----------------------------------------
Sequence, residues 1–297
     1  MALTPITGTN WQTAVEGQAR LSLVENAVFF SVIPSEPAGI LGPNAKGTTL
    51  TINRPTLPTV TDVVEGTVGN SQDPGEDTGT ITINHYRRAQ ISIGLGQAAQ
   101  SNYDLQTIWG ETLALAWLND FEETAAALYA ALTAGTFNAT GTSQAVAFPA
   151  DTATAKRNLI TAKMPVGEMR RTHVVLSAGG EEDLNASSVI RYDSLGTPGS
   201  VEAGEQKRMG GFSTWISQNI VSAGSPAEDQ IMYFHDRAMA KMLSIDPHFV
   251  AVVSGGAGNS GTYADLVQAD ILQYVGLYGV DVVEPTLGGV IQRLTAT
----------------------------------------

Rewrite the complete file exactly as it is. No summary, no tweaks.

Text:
Sequence, residues 1–297
     1  MALTPITGTN WQTAVEGQAR LSLVENAVFF SVIPSEPAGI LGPNAKGTTL
    51  TINRPTLPTV TDVVEGTVGN SQDPGEDTGT ITINHYRRAQ ISIGLGQAAQ
   101  SNYDLQTIWG ETLALAWLND FEETAAALYA ALTAGTFNAT GTSQAVAFPA
   151  DTATAKRNLI TAKMPVGEMR RTHVVLSAGG EEDLNASSVI RYDSLGTPGS
   201  VEAGEQKRMG GFSTWISQNI VSAGSPAEDQ IMYFHDRAMA KMLSIDPHFV
   251  AVVSGGAGNS GTYADLVQAD ILQYVGLYGV DVVEPTLGGV IQRLTAT